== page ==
(PS) El v. State of California et al

Filing 3

ORDER AND FINDINGS and RECOMMENDATIONS signed by Magistrate Judge Kendall J. Newman on 11/13/2020 GRANTING Plaintiff's 2 Motion to Proceed In Forma Pauperis; STAYING all pleading, discovery, and motion practice in this action pending resolu tion of these findings and recommendations. Other than objections to the findings and recommendations, the court will not entertain or respond to any pleadings or motions until the findings and recommendations are resolved; and RECOMMENDING the action be DISMISSED WITH PREJUDICE; andthe Clerk be directed to CLOSE this case. Referred to Judge Troy L. Nunley; Objections due within 14 days after being served with these findings and recommendations. (Becknal, R)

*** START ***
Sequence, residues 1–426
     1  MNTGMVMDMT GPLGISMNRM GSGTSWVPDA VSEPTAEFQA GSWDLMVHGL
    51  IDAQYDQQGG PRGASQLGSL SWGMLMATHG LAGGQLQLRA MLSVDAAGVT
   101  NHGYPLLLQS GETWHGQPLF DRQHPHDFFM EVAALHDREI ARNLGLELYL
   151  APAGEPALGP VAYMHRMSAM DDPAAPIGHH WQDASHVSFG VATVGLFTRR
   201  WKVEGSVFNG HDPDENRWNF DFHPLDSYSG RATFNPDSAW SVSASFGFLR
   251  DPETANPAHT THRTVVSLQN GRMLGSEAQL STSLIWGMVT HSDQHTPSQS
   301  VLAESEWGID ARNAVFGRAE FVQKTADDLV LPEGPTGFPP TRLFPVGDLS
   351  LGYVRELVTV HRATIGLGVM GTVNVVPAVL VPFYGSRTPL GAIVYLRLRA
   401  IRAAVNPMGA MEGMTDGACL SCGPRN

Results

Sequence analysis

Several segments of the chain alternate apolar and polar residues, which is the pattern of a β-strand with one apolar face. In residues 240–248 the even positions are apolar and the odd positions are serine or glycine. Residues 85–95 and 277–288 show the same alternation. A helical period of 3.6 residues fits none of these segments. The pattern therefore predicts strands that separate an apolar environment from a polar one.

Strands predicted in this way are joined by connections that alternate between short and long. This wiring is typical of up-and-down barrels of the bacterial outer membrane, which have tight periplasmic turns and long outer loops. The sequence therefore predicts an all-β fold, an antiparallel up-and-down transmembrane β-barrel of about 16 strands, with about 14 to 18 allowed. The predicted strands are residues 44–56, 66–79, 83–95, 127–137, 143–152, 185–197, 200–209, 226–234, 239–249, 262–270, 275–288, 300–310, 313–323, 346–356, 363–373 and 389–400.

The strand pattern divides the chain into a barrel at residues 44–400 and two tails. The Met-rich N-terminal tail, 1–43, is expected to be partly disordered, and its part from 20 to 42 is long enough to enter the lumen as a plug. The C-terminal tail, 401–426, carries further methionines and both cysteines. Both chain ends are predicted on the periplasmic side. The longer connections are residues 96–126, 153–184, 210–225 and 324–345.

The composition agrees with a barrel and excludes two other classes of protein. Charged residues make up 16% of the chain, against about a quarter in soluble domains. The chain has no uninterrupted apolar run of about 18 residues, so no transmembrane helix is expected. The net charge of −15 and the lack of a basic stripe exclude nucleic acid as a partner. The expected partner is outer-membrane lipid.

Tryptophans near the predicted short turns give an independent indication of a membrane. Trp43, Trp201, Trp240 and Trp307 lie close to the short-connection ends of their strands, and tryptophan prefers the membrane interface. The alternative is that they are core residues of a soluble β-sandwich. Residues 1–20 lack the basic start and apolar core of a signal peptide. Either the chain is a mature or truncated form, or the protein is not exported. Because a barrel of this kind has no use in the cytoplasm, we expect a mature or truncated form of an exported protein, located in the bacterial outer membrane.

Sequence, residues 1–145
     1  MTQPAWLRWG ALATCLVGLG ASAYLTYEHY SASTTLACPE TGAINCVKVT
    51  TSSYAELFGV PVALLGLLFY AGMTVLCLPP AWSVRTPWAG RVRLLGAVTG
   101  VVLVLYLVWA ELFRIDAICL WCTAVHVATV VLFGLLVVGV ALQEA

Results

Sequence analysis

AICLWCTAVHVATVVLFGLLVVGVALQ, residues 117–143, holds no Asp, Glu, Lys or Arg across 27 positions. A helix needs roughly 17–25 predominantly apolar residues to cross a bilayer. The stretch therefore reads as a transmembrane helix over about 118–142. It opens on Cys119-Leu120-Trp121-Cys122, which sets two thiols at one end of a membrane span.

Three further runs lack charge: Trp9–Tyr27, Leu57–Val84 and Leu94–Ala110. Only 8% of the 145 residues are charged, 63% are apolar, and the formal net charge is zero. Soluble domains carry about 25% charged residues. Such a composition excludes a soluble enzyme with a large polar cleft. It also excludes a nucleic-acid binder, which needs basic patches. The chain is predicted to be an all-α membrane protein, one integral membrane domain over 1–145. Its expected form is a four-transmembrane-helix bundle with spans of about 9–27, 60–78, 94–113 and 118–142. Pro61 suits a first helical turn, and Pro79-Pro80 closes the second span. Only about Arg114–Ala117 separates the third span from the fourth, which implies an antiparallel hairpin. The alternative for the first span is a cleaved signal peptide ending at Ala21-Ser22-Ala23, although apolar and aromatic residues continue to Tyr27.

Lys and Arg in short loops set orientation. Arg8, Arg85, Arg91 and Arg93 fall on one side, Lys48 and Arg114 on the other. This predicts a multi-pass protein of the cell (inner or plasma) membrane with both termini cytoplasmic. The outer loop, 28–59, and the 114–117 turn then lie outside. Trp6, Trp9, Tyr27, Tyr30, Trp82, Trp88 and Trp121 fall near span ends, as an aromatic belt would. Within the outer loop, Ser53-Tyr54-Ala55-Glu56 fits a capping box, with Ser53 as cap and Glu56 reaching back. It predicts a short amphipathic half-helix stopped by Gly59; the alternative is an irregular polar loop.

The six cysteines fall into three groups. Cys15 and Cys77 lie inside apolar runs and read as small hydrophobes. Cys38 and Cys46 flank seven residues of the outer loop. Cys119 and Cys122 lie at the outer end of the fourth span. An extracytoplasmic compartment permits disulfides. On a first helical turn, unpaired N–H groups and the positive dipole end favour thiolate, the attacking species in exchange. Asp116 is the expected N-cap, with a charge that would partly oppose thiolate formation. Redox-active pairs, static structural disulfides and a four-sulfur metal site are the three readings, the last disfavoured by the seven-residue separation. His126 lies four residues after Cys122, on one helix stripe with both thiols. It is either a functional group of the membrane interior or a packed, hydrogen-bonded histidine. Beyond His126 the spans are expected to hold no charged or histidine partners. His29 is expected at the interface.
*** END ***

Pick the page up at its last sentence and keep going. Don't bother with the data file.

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1 2 3 4 5 6 7 8 UNITED STATES DISTRICT COURT 9 FOR THE EASTERN DISTRICT OF CALIFORNIA 10 11 12 Plaintiff, 13 14 No. 2:20–cv–2249–TLN–KJN PS ANTONIO EL, v. STATE OF CALIFORNIA, et al., 15 ORDER GRANTING IFP AND STAYING CASE; and FINDINGS AND RECOMMENDATIONS TO DISMISS WITH PREJUDICE (ECF No. 1, 2) Defendants. 16 Plaintiff, who proceeds in this action without counsel, has requested leave to proceed in 17 18 forma pauperis pursuant to 28 U.S.C. § 1915.1 (ECF No. 2.) Plaintiff’s application in support of 19 his request to proceed in forma pauperis makes the showing required by 28 U.S.C. § 1915. 20 Accordingly, the court grants plaintiff’s request to proceed without paying the filing fee. 21 The determination that a plaintiff may proceed in forma pauperis does not complete the 22 required inquiry. Pursuant to 28 U.S.C. § 1915, the court is directed to dismiss the case at any 23 time if it determines that the allegation of poverty is untrue, or if the action is frivolous or 24 malicious, fails to state a claim on which relief may be granted, or seeks monetary relief against 25 an immune defendant. For the reasons stated below, the court recommends the case be dismissed 26 with prejudice as legally frivolous. 27 28 1 This case proceeds before the undersigned pursuant to E.D. Cal. L.R. 302(c)(21) and 28 U.S.C. § 636(b)(1) for the issuance of findings and recommendations. 1 1 Legal Standard 2 Federal courts have an independent duty to assess whether federal subject matter 3 jurisdiction exists. See United Investors Life Ins. Co. v. Waddell & Reed Inc., 360 F.3d 960, 967 4 (9th Cir. 2004) (stating that “the district court had a duty to establish subject matter jurisdiction 5 over [an] action sua sponte, whether the parties raised the issue or not”); accord Rains v. Criterion 6 Sys., Inc., 80 F.3d 339, 342 (9th Cir. 1996). The court must sua sponte dismiss the case if, at any 7 time, it determines that it lacks subject matter jurisdiction. Fed. R. Civ. P. 12(h)(3). 8 Generally, federal courts have original jurisdiction over a civil action when: (1) a federal 9 question is presented in an action “arising under the Constitution, laws, or treaties of the United 10 States” or (2) there is complete diversity of citizenship and the amount in controversy exceeds 11 $75,000. See 28 U.S.C. §§ 1331, 1332(a). 12 However, the Supreme Court has held that federal courts lack subject matter jurisdiction 13 to consider claims that are “so insubstantial, implausible, foreclosed by prior decisions of this 14 court, or otherwise completely devoid of merit as not to involve a federal controversy.” Steel Co. 15 v. Citizens for a Better Environment, 523 U.S. 83, 89 (1998) (citations and internal quotations 16 omitted); Hagans v. Lavine, 415 U.S. 528, 537 (1974) (court lacks subject matter jurisdiction over 17 claims that are “essentially fictitious,” “obviously frivolous” or “obviously without merit”); see 18 also Grancare, LLC v. Thrower by & through Mills, 889 F.3d 543, 549-50 (9th Cir. 2018) (noting 19 that the “wholly insubstantial and frivolous” standard for dismissing claims operates under Rule 20 12(b)(1) for lack of federal question jurisdiction) (citing Franklin v. Murphy, 745 F.2d 1221, 21 1227 n.6 (9th Cir. 1984) (“A [] complaint that is ‘obviously frivolous’ does not confer federal 22 subject matter jurisdiction.”) (abrogated on other grounds)). A claim is legally frivolous when it 23 lacks an arguable basis either in law or in fact. Neitzke v. Williams, 490 U.S. 319, 325 (1989); 24 Franklin v. Murphy, 745 F.2d 1221, 1227-28 (9th Cir. 1984). 25 Pro se pleadings are liberally construed. See Haines v. Kerner, 404 U.S. 519, 520-21 26 (1972); Balistreri v. Pacifica Police Dep’t., 901 F.2d 696, 699 (9th Cir. 1988). Unless it is clear 27 that no amendment can cure the defects of a complaint, a pro se plaintiff proceeding in forma 28 pauperis is ordinarily entitled to notice and an opportunity to amend before dismissal. See Noll v. 2 1 Carlson, 809 F.2d 1446, 1448 (9th Cir. 1987) superseded on other grounds by statute as stated in 2 Lopez v. Smith, 203 F.3d 1122 (9th Cir.2000)) (en banc); Franklin v. Murphy, 745 F.2d 1221, 3 1230 (9th Cir. 1984). However, leave to amend need not be granted when further amendment 4 would be futile. See Cahill v. Liberty Mut. Ins. Co., 80 F.3d 336, 339 (9th Cir. 1996). 5 Analysis 6 Here, plaintiff has filed suit against the State of California, the Superior Court of 7 California, the L.A. Sheriff’s Department, eleven individuals and two “John Doe’s.” (ECF No. 8 1.) Plaintiff’s complaint is simply a list of statutes arising under the criminal code, including such 9 sections as 18 U.S.C. § 2381–Treason and 18 U.S.C.§ 1091(a)–Genocide. The complaint is 10 mostly a collection of conclusory statements and phrases with little meaning attached to each. 11 Plaintiff’s attachments also appear disconnected from any actual allegations. 12 The undersigned finds plaintiff’s complaint wholly frivolous. Plaintiff includes no facts 13 to support any claim, which seem spurious at best. Further, plaintiff, as a private citizen, has no 14 authority to bring claims under criminal statutes. See Allen v. Gold Country Casino, 464 F.3d 15 1044, 1048 (9th Cir. 2006) (no private right of action for violation of criminal statutes). For these 16 reasons, plaintiff’s complaint should be dismissed. 17 Further, the court ordinarily grants a pro se plaintiff leave to amend. However, because 18 the record here shows that plaintiff would be unable to cure the above-mentioned deficiencies 19 through further amendment of the complaint, granting leave to amend would be futile. Cahill, 80 20 F.3d at 339. 21 ORDER 22 Accordingly, IT IS HEREBY ORDERED that: 23 1. Plaintiff’s motion to proceed in forma pauperis is GRANTED; 24 2. In light of the court’s recommendations and plaintiff’s frivolous filing, all pleading, 25 discovery, and motion practice in this action are stayed pending resolution of these 26 findings and recommendations. Other than objections to the findings and 27 recommendations, the court will not entertain or respond to any pleadings or motions 28 until the findings and recommendations are resolved. 3 1 RECOMMENDATIONS 2 Further, IT IS HEREBY RECOMMENDED that: 3 1. The action be DISMISSED WITH PREJUDICE; and 4 2. The Clerk of Court be directed to CLOSE this case. 5 These findings and recommendations are submitted to the United States District Judge assigned to 6 the case, pursuant to the provisions of 28 U.S.C. § 636(b)(l). Within fourteen (14) days after 7 being served with these findings and recommendations, any party may file written objections with 8 the court and serve a copy on all parties. Such a document should be captioned “Objections to 9 Magistrate Judge’s Findings and Recommendations.” Any reply to the objections shall be served 10 on all parties and filed with the court within fourteen (14) days after service of the objections. 11 The parties are advised that failure to file objections within the specified time may waive the right 12 to appeal the District Court’s order. Turner v. Duncan, 158 F.3d 449, 455 (9th Cir. 1998); 13 Martinez v. Ylst, 951 F.2d 1153, 1156-57 (9th Cir. 1991). 14 Dated: November 13, 2020 15 16 ehre.2215 17 18 19 20 21 22 23 24 25 26 27 28 4